Author

Morgan M Dorr

Issuing Body

Mississippi State University

Advisor

Armstrong, Kevin J.

Committee Member

McKinney, Cliff

Committee Member

DeShong, Hilary L.

Committee Member

Nadorff, Michael R.

Date of Degree

8-1-2020

Original embargo terms

Visible MSU only for 2 years||Visible MSU only for 2 years||8/15/2022

Document Type

Dissertation - Open Access

College

College of Arts and Sciences

Department

Department of Psychology

Abstract

While Attention-deficit/hyperactivity disorder (ADHD) remains one of the most common psychological disorders diagnosed, current understanding of the disorders expression and factors contributing to impairment in early adulthood remains limited. In an effort to better understand current issues with ADHD assessment and treatment in emerging adults, this study aimed to examine relationships between symptoms, executive function (EF), sleep, and impairment. Overall results of this study indicate that together, ADHD symptoms, EF, and sleep account for a significant proportion of variance in impairment. Additionally, results indicate that EF moderates the relationship between ADHD symptoms and impairment, and that sleep may be a protective factor for adults. Specifically, this study found that when compared to individuals reporting more sleep problems, the effect of ADHD symptoms and EF on impairment was much weaker among individuals reporting fewer sleep problems. Understanding the relationship between ADHD symptoms, EF, and sleep is critically important in better understanding adult ADHD and in informing assessment and treatment strategies to more effectively reduce impairment.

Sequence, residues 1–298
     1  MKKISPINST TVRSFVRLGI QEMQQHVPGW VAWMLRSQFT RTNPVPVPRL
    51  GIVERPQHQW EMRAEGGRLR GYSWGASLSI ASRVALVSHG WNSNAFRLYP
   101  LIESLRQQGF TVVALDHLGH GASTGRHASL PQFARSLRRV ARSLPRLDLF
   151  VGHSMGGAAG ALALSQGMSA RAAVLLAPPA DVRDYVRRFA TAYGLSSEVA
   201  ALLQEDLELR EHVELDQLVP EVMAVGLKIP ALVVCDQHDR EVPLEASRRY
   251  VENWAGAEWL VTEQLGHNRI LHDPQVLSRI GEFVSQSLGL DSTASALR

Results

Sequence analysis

URI

https://hdl.handle.net/11668/18472

Available for download on Monday, August 15, 2022

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